Professor in touch with civic duty

Matthew Allen

The typical professor at a research university spends most of his time bogged down in the specificities of his research, but Dr. Mark Ebell, associate professor in the College of Public Health, is an outlier.

He touches civic life through involvement with the Oconee Riivers Greenway Commission, writing for medial publications, and teaching students.

As chair of the Oconee Rivers Greenway Commission, he leads fifteen fellow members of various interests like land conservation, efficient water use, alternative transportation, and recreational trail making.

The group is a secondary agency of the government aiding in sustaining and enhancing the river and natural corridors surrounding it.

Biking and trail design are a couple interests of Ebell’s, and he brings unique knowledge of these subjects to the commission’s discussion. Tours through the Netherlands and Germany have given him the fundamental knowledge of trail design necessary to improve these systems in Athens-Clarke County and Georgia, as a whole. He aims to create a similar system in his own community for alternative transport as well as recreational purposes.

“These countries have an incredibly extensive network,” Ebell said, during an interview inside his Coverdell-center office on Monday. “It’s easy to ride on the trails for 500 miles with cars alongside for only five.”

However, he is unsure of how long it will take to receive approval for such a project.

“It’s amazing how slowly the government works, sometimes, and a lot of people have to sign off for it to happen,” Ebell said. “It can be a little frustrating.”

Right now, the commission is guiding the development of a greenway — on the North Oconee River expanding from East Broad Street to College Station Road — that’s funded by SPLOST money from 2005.  And they will supervise the creation of another greenway corridor, undergoing construction over the next six or seven years, that will make the system more robust and complete, according to Ebell. The second project is also funded by county SPLOST – the source of his hope and grief.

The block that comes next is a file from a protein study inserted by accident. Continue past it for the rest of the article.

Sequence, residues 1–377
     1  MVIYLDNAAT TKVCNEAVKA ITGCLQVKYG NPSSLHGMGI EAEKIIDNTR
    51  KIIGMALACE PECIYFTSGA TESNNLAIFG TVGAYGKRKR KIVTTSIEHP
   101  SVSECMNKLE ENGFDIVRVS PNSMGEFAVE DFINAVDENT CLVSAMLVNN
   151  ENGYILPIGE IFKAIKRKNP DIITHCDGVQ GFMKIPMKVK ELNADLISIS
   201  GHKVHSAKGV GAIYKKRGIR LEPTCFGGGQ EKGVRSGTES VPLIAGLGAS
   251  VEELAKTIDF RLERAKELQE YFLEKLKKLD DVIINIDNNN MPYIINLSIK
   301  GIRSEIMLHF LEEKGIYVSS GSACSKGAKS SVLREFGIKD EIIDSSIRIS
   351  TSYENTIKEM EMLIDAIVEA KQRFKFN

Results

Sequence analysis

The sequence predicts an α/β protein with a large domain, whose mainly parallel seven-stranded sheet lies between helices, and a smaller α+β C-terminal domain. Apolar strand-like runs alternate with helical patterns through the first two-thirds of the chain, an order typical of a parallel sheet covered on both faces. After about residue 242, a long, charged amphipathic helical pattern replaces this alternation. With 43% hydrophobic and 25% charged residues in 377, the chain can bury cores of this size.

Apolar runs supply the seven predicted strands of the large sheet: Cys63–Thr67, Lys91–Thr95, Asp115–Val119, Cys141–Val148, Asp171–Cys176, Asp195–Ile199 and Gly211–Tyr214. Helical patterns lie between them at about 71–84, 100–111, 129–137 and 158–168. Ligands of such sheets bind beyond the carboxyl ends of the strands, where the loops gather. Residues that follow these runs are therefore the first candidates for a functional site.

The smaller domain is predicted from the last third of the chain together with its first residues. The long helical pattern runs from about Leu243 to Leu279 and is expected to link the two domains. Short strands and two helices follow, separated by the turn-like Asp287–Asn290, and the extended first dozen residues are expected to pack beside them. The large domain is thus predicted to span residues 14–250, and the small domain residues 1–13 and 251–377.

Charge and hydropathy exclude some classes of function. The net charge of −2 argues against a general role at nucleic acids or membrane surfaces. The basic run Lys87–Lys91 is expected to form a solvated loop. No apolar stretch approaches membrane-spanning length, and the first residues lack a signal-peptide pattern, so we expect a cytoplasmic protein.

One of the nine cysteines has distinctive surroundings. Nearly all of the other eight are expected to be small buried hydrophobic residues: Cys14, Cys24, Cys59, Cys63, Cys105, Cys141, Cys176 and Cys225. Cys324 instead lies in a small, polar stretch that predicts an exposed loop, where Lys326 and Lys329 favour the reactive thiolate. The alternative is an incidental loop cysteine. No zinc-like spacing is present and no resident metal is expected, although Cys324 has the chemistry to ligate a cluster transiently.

A 22-page plan for the countywide greenway system is available on the county government Web site. These plans are the product of his commission’s effort, but Ebell’s ideas cross county lines; he, eventually, hopes to see an expansive statewide trail system.

“We’re working within Clarke County and also trying to partner with groups in neighboring counties,” he said.

Several government bodies are discussing the prospects connecting Athens’ trails with other ones in the state– like the Silver Comet and Firefly trails; this is a long-term goal.

After describing such a utopia, he sighed, leaned back in his chair, and smiled pensively.

Part of Ebell’s job as chair includes listening to the suggestions of other board members, like Ben Emanuel – former city editor of Flagpole magazine, Oconee river keeper, and fellow commission member.

Emanuel bases the committee’s position on water use. He advocates for sustainability practices, pollution control, and public education. He has worked with Ebell for several years and appreciates the perspective that Ebell brings to the group.

“It’s great having his professionalism,” Emanuel said. “He’s a big advocate for public health.”

Ebell worked for 18 years as a family practitioner and is now an editor for two medical publications. His career experience, along with his research at the University in the College of Public Health, offers the commission a unique angle to aid its influence.

His professional past and experience advocating for bettering the health of the public give added weight to the commission’s proposals for greenways — allowing the public another way to be healthy through recreational use or as an alternative transportation method.

The U.S.’s widespread obesity, which is partly the consequence of a sedentary lifestyle, is  a pressing issue, and if  the commission can provide a way for the public to exercise,  to incorporate public health, then their proposals are more likely to be accepted.

When you support the health of the public, local officials are more accepting of your proposal than if you were to lobby solely from a sustainability or environmental protection perspective, according to Emanuel. There is a stronger possibility that more people will support your cause when you appeal to different audiences and constituencies.

“It’s all about getting support,” Ebell said. “Each initiative has its own constituencies, and it’s my job to consider all of them.”

When not working with the commission, Ebell can be found in one of his offices — located in the Coverdel and Chemistry buildings — meeting with both undergraduate and master’s students and performing research.

What does Ebell spend the brunt of his timing doing?

“Students are always in my office asking questions or getting help on assignments,” Ebell chuckled.

His most recent research publications deal with influenza and CPR; more specifically, he focuses on how doctors can better use their data to give the most effective treatment to their patients. His research breaks new ground in influenza research — weighing the timing of symptoms to more efficiently diagnose patients.


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